US Army Gen. Robert Abrams, the commander of US Forces Korea, told the House Armed Services Committee Wednesday that, so long as the diplomatic push for denuclearization on the Korean Peninsula continues, his forces have enough intelligence, surveillance and reconnaissance resources to maintain an adequate defense of South Korea and detect an attack from the North. However, if things got worse and the atmosphere suddenly returned to the hostile tension of the past, "then our stance, our posture is not adequate to provide us an unblinking eye to give us early warning and indicators."
"We're short to be able to do that if things start to turn bad," he said.
"Their activity that we have observed is inconsistent with denuclearization," Abrams said, who commands the roughly 29,000 US troops garrisoned in South Korea. "Despite a reduction in tensions along the Demilitarized Zone and a cessation of strategic provocations, coupled with public statements of intent to denuclearize, little to no verifiable change has occurred in North Korea's military capabilities."
At the same hearing, Randall Schriver, the assistant secretary of defense for Indo-Pacific security affairs, told the lawmakers, "Our door is still open for diplomacy, but to date we have not seen movement on denuclearization."
At the second round of peace negotiations between North Korean leader Kim Jong Un and US President Donald Trump in Hanoi at the end of last month, Washington walked away from the table rather than agree to stop economic sanctions, as Pyongyang had requested.
Sputnik reported last week that Trump administration officials had told Time that Trump was "dismissing the warnings of top intelligence and foreign policy advisers" who said negotiations had failed, because the US head of state believes Kim to be his "friend" with whom he can negotiate directly.
When the two sides went home, many feared the rapprochement formed by the first round of negotiations in Singapore last June had finally fallen apart. Korean analysis website 38 North, which is now part of the Stimson Center think tank in Washington, DC, reported on March 7 that new satellite photos appeared to show the reconstruction of a key rocket test site that Pyongyang had destroyed as a goodwill gesture last summer.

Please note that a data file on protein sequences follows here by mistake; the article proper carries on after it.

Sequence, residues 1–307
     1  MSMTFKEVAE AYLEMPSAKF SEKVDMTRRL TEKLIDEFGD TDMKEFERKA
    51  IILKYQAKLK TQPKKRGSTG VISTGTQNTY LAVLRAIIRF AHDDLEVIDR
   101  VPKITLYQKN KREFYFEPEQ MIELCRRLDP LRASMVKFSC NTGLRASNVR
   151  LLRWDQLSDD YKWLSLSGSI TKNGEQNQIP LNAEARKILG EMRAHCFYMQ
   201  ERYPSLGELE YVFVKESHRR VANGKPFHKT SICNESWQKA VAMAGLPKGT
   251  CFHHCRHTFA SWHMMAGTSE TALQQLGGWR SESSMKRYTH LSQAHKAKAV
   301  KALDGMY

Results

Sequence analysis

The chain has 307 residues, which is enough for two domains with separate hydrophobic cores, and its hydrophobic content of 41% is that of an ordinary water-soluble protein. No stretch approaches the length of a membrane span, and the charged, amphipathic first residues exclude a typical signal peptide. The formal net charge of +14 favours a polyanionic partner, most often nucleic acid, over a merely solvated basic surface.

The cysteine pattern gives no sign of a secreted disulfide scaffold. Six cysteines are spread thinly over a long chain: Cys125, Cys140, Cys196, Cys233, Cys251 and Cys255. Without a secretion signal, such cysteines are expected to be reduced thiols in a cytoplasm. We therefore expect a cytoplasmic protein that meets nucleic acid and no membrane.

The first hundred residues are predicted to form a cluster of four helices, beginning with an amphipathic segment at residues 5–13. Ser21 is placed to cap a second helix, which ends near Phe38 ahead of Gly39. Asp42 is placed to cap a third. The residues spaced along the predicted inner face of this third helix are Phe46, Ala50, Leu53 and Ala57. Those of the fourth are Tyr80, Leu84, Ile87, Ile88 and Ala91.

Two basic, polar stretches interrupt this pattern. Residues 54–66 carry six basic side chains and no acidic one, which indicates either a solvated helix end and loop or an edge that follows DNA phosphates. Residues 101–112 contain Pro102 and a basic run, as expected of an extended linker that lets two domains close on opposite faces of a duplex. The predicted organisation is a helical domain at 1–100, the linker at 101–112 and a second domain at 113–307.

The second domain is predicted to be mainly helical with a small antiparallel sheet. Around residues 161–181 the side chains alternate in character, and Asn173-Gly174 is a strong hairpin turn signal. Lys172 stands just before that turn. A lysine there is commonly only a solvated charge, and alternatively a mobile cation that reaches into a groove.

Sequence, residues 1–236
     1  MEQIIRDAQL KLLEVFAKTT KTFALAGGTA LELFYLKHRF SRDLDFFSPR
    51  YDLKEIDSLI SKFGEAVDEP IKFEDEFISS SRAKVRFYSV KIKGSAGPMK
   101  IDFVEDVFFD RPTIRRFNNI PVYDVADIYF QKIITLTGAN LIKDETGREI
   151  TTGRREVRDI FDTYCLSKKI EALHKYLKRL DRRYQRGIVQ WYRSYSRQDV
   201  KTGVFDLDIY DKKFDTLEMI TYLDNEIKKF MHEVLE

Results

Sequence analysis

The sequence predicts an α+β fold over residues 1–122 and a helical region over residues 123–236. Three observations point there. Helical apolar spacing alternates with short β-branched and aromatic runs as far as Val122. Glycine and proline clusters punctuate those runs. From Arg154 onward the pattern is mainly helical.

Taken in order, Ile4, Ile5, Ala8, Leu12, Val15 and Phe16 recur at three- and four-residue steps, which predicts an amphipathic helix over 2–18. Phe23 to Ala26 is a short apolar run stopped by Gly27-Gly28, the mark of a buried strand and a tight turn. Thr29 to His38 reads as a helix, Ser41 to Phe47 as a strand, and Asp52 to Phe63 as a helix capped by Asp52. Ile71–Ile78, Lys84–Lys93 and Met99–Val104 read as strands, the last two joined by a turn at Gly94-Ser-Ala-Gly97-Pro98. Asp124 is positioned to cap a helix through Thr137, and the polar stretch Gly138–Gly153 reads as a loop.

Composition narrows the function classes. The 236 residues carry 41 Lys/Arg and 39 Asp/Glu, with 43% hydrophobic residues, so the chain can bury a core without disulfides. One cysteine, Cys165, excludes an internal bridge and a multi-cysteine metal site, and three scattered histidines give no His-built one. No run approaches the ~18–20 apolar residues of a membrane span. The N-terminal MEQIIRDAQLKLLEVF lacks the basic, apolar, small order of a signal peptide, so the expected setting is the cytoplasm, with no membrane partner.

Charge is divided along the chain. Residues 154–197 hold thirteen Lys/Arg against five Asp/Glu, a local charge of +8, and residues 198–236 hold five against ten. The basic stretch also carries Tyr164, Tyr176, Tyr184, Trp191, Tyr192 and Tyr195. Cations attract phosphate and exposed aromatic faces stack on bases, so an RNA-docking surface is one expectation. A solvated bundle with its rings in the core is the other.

However, the destruction of the Sohae launch site in Tongchang-ri was done to honor the verbal agreement made between Kim and Trump after the formal statement was signed, and its reconstruction now wouldn't represent a violation of the letter of that agreement.
But it's not clear that such a reconstruction is happening, either: on March 18, South Korean news agency Yonhap reported that South Korean Unification Minister Cho Myung-gyon doubted the intelligence conclusions, telling the South Korean National Assembly's foreign affairs and unification committee that there is a "good chance" Pyongyang is working toward further demolishing, rather than reactivating, the Sohae site.
In addition, Pyongyang has seemingly withdrawn its threat to abandon the joint liaison office in Kaesong, which it operates with South Korea and which has served as a major symbol of the two Koreas' move toward peace and reunification. CNN reported the reversal followed news last week that Trump was moving to block new sanctions against the DPRK.
That said, Kim has also made moves to strengthen his position following the collapse of the Hanoi summit, while clearly not giving up on negotiations, either. North Korea's Korean Central News Agency (KCNA) reported Wednesday that Kim called for a "golden age" in "military construction" at a "general meeting" with mostly lower-ranking military officers.
Yonhap also reported on Wednesday that a recent trip to Beijing by Ri Su Yong, North Korea's vice chair of international affairs, had coincided with US special envoy to North Korea Stephen Biegun's visit to the city, although it's unclear if the two men made contact. There's been no official diplomatic exchange between Washington and Pyongyang since the two sides departed Hanoi on February 28.